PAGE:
The Napa Valley Unified School District has been using a hybrid diesel-electric school bus for nearly a year and has seen significant benefits. With the diesel-electric bus, the school district has been able to reduce its green house gas emissions and double the gas mileage it gets with the hybrid bus as compared to its diesel-only buses. As a result, the school district saves about $5,000 in fuel costs for the hybrid bus.
While most "diesel-only" powered school buses achieve an average of six to seven miles per gallon, Ralph Knight, transportation director at Napa Valley School District, was surprised to learn just how much fuel the hybrid diesel electric school bus could save.
"Fuel costs are a major concern to me," said Knight. "Cutting annual fuel costs in half for this bus is a major advantage -- both for taxpayers' wallets and for the environment."
The fuel efficiency of the hybrid bus was close to 13 miles per gallon -- nearly double the fuel efficiency of a typical diesel school bus.
Based on 13,000 miles the hybrid bus traveled during the 2007-08 school year, annual fuel costs for a standard school bus would be just under $10,000 at $4.87 per gallon. Conversely, fuel for the hybrid bus costs approximately $5,000 at the same price per gallon.
Traveling about 65 miles per day, the hybrid bus typically transports roughly 60 children each morning and 60 each afternoon through a mixed route of highway and city driving.
Even the community has started to recognize the impact the bus could have on the environment and are excited about it. "The children are excited to be riding one of the first hybrid school buses in the nation," said Knight. "The parents have also commented on the positive environmental benefits of the bus."
Drivers also enjoy driving the bus. To the driver, it operates similar to a standard school bus. However, the diesel engine receives assistance from an electric motor at certain points during acceleration and deceleration. The hybrid drive system on Napa Valley's bus is recharged by plugging it into a standard outlet at night or between morning and afternoon routes.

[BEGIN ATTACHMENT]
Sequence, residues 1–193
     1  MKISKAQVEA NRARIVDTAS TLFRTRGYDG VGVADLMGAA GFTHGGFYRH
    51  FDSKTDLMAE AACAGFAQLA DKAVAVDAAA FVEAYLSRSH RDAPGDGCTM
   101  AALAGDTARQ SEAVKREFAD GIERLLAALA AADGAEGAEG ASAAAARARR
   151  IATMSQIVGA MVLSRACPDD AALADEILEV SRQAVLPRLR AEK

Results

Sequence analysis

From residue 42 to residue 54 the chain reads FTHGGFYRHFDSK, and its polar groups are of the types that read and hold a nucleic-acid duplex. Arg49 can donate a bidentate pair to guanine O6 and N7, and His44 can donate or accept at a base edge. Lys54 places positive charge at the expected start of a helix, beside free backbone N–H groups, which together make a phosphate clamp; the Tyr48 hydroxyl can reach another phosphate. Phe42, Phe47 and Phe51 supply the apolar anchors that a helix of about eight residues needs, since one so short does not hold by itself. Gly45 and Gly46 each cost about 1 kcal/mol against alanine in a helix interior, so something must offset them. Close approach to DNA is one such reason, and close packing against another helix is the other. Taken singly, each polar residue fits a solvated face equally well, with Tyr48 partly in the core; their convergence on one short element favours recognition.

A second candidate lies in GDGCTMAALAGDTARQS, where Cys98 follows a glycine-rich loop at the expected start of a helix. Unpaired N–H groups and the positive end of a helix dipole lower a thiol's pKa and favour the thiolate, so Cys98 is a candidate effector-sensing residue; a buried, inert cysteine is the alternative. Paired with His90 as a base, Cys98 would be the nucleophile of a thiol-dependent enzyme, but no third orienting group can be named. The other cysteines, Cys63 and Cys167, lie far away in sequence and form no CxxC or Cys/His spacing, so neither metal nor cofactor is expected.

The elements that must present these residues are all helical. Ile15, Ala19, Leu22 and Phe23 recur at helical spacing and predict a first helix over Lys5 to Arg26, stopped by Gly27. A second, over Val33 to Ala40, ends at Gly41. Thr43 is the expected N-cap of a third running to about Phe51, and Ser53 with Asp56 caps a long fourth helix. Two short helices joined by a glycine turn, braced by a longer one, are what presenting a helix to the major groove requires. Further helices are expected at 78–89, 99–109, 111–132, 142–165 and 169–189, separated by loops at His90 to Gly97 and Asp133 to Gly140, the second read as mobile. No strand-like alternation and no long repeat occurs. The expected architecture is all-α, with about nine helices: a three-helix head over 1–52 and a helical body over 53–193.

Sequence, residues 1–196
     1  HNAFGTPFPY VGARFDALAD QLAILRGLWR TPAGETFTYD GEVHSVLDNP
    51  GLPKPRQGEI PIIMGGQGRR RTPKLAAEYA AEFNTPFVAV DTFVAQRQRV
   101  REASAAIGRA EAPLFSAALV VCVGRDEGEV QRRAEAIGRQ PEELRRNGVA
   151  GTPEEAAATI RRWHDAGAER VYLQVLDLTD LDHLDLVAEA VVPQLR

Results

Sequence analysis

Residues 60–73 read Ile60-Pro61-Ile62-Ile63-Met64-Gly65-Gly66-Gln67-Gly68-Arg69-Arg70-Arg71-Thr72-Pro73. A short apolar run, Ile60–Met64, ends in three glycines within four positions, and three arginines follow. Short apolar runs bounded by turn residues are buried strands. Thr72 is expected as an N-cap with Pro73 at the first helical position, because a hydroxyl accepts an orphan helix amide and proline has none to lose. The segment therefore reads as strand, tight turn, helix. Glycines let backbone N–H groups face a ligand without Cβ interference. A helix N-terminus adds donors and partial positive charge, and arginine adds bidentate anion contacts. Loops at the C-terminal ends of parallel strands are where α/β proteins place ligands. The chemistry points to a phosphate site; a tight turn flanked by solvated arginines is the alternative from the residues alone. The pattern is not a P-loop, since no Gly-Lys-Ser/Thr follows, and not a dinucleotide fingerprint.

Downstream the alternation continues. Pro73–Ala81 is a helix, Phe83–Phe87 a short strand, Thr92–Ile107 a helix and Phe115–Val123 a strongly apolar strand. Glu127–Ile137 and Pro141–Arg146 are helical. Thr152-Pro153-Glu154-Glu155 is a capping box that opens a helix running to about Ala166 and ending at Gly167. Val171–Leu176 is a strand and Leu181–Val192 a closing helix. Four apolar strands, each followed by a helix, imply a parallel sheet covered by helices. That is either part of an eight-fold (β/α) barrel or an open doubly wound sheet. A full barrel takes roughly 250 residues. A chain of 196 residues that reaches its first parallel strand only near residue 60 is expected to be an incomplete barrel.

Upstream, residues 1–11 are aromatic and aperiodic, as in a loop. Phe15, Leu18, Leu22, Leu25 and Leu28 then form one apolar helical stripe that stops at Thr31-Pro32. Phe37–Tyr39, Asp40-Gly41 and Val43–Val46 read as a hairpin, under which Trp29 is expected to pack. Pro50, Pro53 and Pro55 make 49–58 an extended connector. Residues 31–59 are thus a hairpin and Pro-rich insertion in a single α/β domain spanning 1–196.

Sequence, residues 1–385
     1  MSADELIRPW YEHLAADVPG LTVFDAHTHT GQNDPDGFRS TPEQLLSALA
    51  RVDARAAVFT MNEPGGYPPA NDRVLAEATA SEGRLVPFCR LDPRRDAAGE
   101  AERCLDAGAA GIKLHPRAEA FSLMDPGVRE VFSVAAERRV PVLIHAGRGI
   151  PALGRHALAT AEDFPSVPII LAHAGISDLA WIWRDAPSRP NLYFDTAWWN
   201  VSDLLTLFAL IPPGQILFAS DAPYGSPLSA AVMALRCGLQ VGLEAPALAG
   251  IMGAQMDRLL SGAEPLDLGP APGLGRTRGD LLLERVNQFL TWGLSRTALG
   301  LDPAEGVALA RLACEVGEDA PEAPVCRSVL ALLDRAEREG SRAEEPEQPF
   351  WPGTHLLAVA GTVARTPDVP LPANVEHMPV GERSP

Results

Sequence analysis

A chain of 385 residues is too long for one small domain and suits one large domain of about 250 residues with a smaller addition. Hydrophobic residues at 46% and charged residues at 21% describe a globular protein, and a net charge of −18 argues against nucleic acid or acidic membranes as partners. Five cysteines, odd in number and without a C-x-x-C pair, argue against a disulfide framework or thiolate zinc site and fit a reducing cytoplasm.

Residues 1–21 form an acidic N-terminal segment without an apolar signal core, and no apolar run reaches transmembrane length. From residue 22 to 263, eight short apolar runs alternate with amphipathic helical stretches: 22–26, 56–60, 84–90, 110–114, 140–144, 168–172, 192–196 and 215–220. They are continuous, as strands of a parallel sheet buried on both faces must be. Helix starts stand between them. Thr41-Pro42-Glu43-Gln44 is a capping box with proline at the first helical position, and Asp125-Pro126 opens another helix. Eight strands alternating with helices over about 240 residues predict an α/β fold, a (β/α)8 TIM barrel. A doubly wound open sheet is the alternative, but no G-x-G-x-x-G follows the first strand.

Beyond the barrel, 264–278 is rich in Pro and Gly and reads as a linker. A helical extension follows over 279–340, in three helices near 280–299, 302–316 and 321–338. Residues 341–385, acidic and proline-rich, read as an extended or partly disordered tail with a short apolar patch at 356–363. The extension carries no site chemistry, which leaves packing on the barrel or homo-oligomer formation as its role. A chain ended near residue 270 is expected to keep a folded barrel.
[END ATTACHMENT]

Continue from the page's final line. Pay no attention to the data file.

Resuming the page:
The word in the industry has gotten out. Knight says he has fielded calls from school districts all over the country asking him about the performance of this new bus.
"I've told them the truth," said Knight. "I'm very pleased with the hybrid school bus."
One of the other advantages of the bus hasn't really been "seen." The exhaust of the hybrid school bus is smokeless with dramatically reduced emissions compared to older buses operating in California. In fact, emissions of particulate matter have been reduced by up to 90 percent.
"There's a host of new technologies incorporated into the hybrid school bus that provide the improvement in fuel economy and reduction in emissions," said David Hillman, marketing director at IC Bus. "With a year of customer experience in Napa, and the additional experience gained from hybrid buses at customers throughout the U.S. and Canada, we have shown that hybrid technology is a viable solution for bus operators in North America. The volume provided by our current customer base has allowed us to reduce our prices by $30,000 to $40,000. We encourage further efforts to provide federal and state funding, such as the California Proposition 1B funds, to help offset purchase prices and provide the opportunity for more school districts and bus operators to implement this environmentally vital technology."
In the case of Napa's hybrid unit, PG&E provided $30,000 to help with the purchase of the plug-in hybrid school bus. An additional $30,000 to fund the bus was provided by the U.S. EPA through the Clean School Bus USA program and the West Coast Collaborative, a public-private partnership to reduce diesel emissions.
Schools in California can use funds allocated by Proposition 1B to direct toward the purchase of a hybrid school bus. Funding to districts to support hybrid purchases from Proposition 1B and distributed through the California Air Resources Board can be up to $40,000 per bus.